When your words are taken out of context, chopped and screwed to blend into a malicious and hateful mix promoted by culturally unaware, socially uninformed exclusionists for political purposes, then something is wrong.

The law of the life is not logic, but experience. Experience that’s been tested by obstacles and barriers, hardship and misfortune. The insistence of persistence is what ultimately overcomes those barriers. It is these experiences that allow a person to consider others and be able to relate to them on a personal level despite our apparent differences and/or opposing interests?

What is your standard?

We are here because of the aspirations, works and sacrifices of someone else. The dream that one day we can live with love, respect and concern for each other in what Dr. Martin Luther King called the Beloved Community is being foreclosed on by the unethical practices of propagandist who only seek to profit off of fear and hate.

Far too often have we found ourselves bound by the narrow confines of foolish perceptions? Whether trapped by boundless liberalism or arrested by static conservatism the results are the same; progressive stagnation.

To become what you ought to be you need to consider others. The standard for which you judge others you judge yourself, but more harshly. When you continue to put up borders in your life, the community becomes less beloved and more despised. The standard of your arguments are no longer freedom or emancipation, but obstruction and restriction.

When you reach the point that you can recognize life as just an ordinary person, blessed with extraordinary opportunities and experiences. Perhaps you will understand what empathy means. Empathy does not mean adjusting the circumstances in such a way that the “little guy/minority” wins, but to place yourself in their position. Become the little guy, experience life as he or she experiences it, before casting judgment that is tainted with bias observations and experiences.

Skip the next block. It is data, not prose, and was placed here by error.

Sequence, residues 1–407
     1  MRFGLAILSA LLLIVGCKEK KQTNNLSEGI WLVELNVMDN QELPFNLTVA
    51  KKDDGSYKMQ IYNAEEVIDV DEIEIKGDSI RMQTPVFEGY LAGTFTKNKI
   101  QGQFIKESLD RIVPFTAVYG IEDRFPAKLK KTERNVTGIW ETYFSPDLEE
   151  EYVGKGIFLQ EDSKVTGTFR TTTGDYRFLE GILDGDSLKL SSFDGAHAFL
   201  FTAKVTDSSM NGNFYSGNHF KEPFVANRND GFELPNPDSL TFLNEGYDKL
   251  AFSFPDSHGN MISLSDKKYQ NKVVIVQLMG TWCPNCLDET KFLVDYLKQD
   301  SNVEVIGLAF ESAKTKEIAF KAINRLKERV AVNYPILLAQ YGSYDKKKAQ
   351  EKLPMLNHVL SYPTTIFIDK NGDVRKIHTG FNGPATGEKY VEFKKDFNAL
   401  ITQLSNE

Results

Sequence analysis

Take the time to become friends with someone different than you. Strive to sincerely learn about someone who is not like you. Example: I’m a Black Male, so I would want to try to befriend and learn more about someone who is not Black or a male. (I can personally say with confidence that I only have one friend who is a Black male, the rest are women of various races including Black.)

You are not an island, entire of yourself. The world doesn’t revolve around you. Any man’s death whether it be physical, moral or spiritual diminishes me, because I am involved in mankind. Empathy is what I believe John Donne is saying in my 21st Century remix of a 17th Century poem. There are no them, but only us. We should not build fences or walls, but bridges. We are the community and to make it beloved, we have to learn how to love it and each other.

References & Inspirations
John Donne – 1624 “Devotions upon emergent occasions and several steps in my sickness – Meditation XVII
Dr. Martin Luther King, Jr. – 12/18/1963 “Social Justice (Speech at Western Michigan University)
Christian Century – 04/03/1974 “Search for the Beloved Community: The Thinking of Martin Luther King, Jr.”